Mitochondria are vital organelles that play key roles in cellular metabolism, innate immune signaling, and apoptotic signaling. Due to the endosymbiotic origins of the mitochondria, damage to these organelles results in the release of danger-associated molecular patterns (DAMPs), which induce inflammation. The goal of my project is to determine how viral manipulation of mitochondrial dynamics contributes to DAMP signaling and inflammation in human tissues using hiPSC-derived liver organoids. Specifically, we are interested in how mitochondrial stress caused by flavivirus infection may be communicated intercellularly and if this stress communication may prime bystander cells for infection. We hope to use hiPSC-derived liver organoids to understand how intercellular stress communication may facilitate viral spread through tissues.

Christine Schneider Lewis, Ph.D.

The Laboratory of Persistent Viral Diseases, Neuroimmunology Unit, RML, and the Laboratory of Malaria and Vector Research, Molecular Entomology Unit

Why did you choose to participate?

I have always valued collaborative research that brings together people with diverse scientific backgrounds and interests. I feel like it produces innovative and interesting research directions that answer questions in unique ways. The Rocky-Beth program fits into that niche very nicely and gives me the opportunity to interact with a plethora of researchers in both Montana and Maryland who have very different specialties. In addition, it means I gain exposure to a wider variety of research methods and approaches than I otherwise would, which is invaluable in preparing for the next steps in my career. Although the pandemic has largely reduced my ability to physically travel to Twinbrook to participate in my co-mentor’s lab, I have still benefitted substantially from his advice and mentoring.

My research

The Neuroimmunology Unit at RML studies the neuro-immune factors that cause encephalitis from California Serogroup viruses (CSG viruses). These viruses are carried and transmitted by mosquitoes. Although information has been uncovered about what influences development of severe disease in the brain, we know much less about the initial infection in the skin and have no information about how much the insect vector contributes to disease. The Molecular Entomology Unit studies insect salivary proteins. By forming a collaboration between our labs, we now have the opportunity to explore what impact mosquito salivary proteins have on the skin and brain stages of CSG infection.

Stephen Lu, Ph.D.

Laboratory of Malaria and Vector Research, Vector Biology Section and the Laboratory of Bacteriology, Plague Section, RML

Why did you choose to participate?

The Rocky-Beth program provides NIH fellows an opportunity to have close contact with two distinct research groups, bridging their knowledge and experiences toward a shared scientific question. Having two mentors enhances the quality of the candidate’s postdoctoral experience. From the technical perspective, the candidate has access to and can be trained in a broader set of skills by taking advantage of the expertise within each group. Additionally, frequent discussions with each mentor improve the candidate's ability to have a “big picture” view over the topic of study and also aid the candidate to approach the project from more than one perspective. Finally, having two mentors can be very instructive in other relevant topics by offering different examples of leadership and on how to conduct and deal with day-to-day laboratory issues, which are important aspects of the scientific career.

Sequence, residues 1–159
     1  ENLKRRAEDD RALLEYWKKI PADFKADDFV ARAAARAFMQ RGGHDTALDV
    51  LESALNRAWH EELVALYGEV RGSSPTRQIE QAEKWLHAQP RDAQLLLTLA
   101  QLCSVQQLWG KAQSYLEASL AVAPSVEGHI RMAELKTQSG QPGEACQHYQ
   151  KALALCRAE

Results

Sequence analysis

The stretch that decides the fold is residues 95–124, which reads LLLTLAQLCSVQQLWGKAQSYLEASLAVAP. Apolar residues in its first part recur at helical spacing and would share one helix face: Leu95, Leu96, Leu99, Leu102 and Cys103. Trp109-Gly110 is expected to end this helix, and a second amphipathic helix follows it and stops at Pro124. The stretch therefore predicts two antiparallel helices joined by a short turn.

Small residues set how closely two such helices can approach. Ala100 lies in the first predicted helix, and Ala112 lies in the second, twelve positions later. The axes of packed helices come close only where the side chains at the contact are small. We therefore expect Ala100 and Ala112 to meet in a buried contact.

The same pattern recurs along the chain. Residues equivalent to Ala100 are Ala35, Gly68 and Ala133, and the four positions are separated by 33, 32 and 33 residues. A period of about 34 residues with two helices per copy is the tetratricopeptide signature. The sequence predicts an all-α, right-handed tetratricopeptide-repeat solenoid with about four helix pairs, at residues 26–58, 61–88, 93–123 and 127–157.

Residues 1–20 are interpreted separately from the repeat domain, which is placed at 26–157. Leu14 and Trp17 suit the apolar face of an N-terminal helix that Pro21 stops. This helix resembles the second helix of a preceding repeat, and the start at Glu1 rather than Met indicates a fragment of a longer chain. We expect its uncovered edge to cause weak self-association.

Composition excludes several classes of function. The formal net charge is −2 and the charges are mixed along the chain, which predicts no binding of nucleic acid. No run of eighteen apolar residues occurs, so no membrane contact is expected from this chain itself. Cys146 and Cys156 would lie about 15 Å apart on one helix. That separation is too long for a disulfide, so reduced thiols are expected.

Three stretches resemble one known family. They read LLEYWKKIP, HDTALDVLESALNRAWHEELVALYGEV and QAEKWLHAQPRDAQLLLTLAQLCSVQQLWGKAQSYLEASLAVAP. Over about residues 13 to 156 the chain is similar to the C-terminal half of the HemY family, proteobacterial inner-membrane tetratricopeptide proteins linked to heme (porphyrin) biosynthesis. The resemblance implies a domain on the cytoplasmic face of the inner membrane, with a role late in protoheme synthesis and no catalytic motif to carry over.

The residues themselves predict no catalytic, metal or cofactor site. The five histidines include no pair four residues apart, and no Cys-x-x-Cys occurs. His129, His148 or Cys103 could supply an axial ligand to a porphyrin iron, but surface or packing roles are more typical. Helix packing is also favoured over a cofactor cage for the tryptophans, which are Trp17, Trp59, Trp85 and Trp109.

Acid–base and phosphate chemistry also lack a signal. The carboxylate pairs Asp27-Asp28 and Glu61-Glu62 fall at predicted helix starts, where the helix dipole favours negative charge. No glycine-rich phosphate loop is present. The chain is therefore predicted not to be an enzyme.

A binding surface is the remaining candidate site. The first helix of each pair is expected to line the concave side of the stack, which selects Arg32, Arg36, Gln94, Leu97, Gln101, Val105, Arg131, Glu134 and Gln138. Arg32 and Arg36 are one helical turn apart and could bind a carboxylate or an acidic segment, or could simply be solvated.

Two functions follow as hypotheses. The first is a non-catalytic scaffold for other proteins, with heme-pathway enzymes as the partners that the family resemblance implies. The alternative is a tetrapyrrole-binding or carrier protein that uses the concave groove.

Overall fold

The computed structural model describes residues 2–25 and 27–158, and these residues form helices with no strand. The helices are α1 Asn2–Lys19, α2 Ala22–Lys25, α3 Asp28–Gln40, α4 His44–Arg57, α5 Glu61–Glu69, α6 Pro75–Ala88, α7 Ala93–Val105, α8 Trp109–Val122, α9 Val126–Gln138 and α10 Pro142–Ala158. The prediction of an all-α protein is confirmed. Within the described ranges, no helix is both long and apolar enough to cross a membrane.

The program also offers an additional funding opportunity for the group, allowing more flexibility and responsibility to the candidate's project. In addition, to participate in the Rocky-Beth program, the candidate must write a grant proposal, inviting the candidate to practice and improve their grant writing abilities.

Long story short, the Rocky-Beth program offers the possibility for a solid and distinct postdoctoral training.

My research

The rat flea Xenopsylla cheopis is the main vector of Yersinia pestis, the etiological agent of the bubonic plague. In addition to Y. pestis, fleas can also transmit other medically relevant pathogens including Rickettsia spp. and Bartonella spp. However, despite the historical and clinical importance of X. cheopis, little is known regarding their salivary gland contents and potential activities. Therefore, the objective of our project is to investigate X. cheopis salivary gland content by transcriptomic and proteomic approaches, in addition to characterizing molecules with potential pharmacological activities.

Rebecca Broeckel, Ph.D.

The Laboratory of Virology, Innate Immunity and Pathogenesis Section, RML, and the Laboratory of Molecular Microbiology, Nonhuman Primate Virology Section

Why did you choose to participate?

After my Ph.D., I wanted to focus on innate immunity to emerging viruses, and a partnership with Sonja Best, Ph.D., in the Laboratory of Virology at RML was a great fit—I have also had the unique opportunity to work in a biosafety level 4 (BSL-4) facility.

My research